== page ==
I have a rather intense feeling of betrayal at the moment; and so I'm going to blog about it for lack of any better way to vent my frustrations.
I officially started classes again on Wednesday. I have only one class, and that's a good thing because I'm going to need to do some serious studying for this class. It's actually something I don't know much about. ACCOUNTING! Not the most attractive aspect of the business world, imo, but a necessary one.
Like I said, class officially started Wednesday, but I dug around and found our first assignment and started my reading on Monday. I feel less guilty about that (the digging, not the reading), because the link was up and ready by the time I checked back that same day. So, I started early and it's a good thing, because I learned from the first chapter that almost everything I thought I knew about accounting was wrong. Granted, my view of accounting was basically people "crunching" numbers concerning other people's money (something I definitely didn't want to do), which was right. It's just what that "crunching" entails that I had over-simplified to a great degree. Accounting is a challenging field, and probably wouldn't be boring for someone who cared more about numbers than I.
However, the betrayal comes in when I get to my assignment. See, I read my two chapters, I made flash cards, re-read them, took notes, did most of the review material at the end of the chapters, went through the "lectures" (PowerPoint presentations) twice, and took notes on them...basically, I studied a lot more than I usually have to do.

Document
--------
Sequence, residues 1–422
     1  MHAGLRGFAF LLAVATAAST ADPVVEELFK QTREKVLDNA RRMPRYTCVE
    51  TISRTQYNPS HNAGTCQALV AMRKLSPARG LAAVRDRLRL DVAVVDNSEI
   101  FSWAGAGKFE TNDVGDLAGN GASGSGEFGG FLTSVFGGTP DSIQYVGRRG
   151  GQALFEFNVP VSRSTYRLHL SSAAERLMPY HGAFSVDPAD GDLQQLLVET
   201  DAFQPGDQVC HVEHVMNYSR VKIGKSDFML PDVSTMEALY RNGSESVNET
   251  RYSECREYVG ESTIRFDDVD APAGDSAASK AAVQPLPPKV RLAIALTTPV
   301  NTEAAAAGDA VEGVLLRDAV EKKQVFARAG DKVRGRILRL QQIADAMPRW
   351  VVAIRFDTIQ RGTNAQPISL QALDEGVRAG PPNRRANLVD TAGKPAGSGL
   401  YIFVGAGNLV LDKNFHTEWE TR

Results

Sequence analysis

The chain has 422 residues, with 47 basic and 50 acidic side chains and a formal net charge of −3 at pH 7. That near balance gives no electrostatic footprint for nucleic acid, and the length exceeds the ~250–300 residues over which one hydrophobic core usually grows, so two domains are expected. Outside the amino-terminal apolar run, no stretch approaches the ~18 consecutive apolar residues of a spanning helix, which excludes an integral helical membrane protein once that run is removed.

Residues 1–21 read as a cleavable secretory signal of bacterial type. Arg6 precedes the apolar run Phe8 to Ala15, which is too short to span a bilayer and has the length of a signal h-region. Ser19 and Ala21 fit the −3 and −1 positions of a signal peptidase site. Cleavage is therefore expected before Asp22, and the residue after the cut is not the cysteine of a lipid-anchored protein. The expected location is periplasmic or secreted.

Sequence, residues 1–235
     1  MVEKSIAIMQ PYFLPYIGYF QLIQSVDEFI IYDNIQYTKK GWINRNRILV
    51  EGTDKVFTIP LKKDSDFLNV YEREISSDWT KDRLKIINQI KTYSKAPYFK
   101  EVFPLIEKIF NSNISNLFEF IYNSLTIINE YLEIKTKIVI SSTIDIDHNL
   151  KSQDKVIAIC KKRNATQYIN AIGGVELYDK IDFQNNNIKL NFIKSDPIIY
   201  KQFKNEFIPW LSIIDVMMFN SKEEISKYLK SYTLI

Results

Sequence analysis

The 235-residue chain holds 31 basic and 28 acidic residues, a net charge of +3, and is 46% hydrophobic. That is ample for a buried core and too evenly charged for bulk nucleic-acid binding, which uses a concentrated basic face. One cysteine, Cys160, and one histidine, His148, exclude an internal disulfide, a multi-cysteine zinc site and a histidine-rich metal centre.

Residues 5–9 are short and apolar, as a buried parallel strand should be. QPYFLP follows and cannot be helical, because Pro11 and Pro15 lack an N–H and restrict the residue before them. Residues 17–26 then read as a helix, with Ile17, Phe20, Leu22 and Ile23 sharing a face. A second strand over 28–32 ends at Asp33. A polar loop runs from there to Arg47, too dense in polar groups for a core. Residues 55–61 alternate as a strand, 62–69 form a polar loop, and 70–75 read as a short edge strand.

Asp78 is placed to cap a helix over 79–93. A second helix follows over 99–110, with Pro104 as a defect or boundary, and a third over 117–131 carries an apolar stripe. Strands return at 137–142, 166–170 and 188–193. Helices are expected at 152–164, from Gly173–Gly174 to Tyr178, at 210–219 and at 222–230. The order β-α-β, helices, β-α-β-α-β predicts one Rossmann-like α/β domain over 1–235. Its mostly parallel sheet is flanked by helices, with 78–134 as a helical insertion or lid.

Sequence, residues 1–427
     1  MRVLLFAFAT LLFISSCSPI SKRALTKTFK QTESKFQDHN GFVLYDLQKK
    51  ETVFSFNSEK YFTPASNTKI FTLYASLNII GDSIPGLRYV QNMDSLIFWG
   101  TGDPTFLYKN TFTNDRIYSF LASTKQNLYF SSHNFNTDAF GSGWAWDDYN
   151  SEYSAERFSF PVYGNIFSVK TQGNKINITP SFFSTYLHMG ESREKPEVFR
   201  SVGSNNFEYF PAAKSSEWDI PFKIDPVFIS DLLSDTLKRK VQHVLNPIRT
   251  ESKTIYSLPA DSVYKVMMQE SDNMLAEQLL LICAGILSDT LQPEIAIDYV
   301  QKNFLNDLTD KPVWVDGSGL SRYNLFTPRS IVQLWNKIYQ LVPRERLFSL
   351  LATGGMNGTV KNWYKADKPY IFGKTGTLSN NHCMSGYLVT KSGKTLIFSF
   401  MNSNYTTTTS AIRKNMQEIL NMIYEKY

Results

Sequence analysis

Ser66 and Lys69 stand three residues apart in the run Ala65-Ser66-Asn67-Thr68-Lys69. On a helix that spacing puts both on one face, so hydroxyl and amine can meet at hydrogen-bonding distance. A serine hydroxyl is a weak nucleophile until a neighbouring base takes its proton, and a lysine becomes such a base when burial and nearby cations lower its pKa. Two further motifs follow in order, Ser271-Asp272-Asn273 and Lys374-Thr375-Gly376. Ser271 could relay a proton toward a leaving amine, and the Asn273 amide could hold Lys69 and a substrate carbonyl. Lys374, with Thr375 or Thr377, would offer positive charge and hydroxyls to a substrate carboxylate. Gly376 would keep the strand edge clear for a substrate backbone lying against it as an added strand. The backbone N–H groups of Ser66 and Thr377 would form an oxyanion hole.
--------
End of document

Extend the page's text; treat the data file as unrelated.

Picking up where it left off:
And I went to do the assignment...
A good third of it was totally foreign to me. The instructor gave some tips and clues imbedded in the assignment itself, but still. I figure that if I'm asked to do an assignment, then I should have had the opportunity (and the directions to do so) to have learned the material in advance. I mean, that seems like common sense, right? But that isn't the worst of it.
After doing the assignment, and writing a complaint to the teacher along with my submission, I decided, what the heck, I'd take the quiz. Now, for myself, I think using notes, hand-outs, and looking in the textbook is cheating. I don't care if it's "allowed," which it is at Herzing; I just don't see the point of taking a test if you're going to be using materials other than your own brain to "prove" you learned something.
In that sense, I had to "cheat" on the test, because it was all material that we hadn't learned, i.e. been directed to study and been taught in the "lectures." To say I'm pissed is a bit of an understatement at this point. The consolation that I got all the questions right because I found out that the material we had not studied, as per our reading and lectures, was all in the review hand-outs I happened to read before I took the quiz (but only after I turned in the homework). I mean, how is it review, if you haven't actually viewed it the first time yet.
Well, anyway, it's done now. I worked my way through an assignment that required me to know things I hadn't been taught and I took a stupid test that doesn't prove anything other than the fact that I know how to read a hand-out written up in Excel. Now, I have my weekend free to get caught up on other things...again.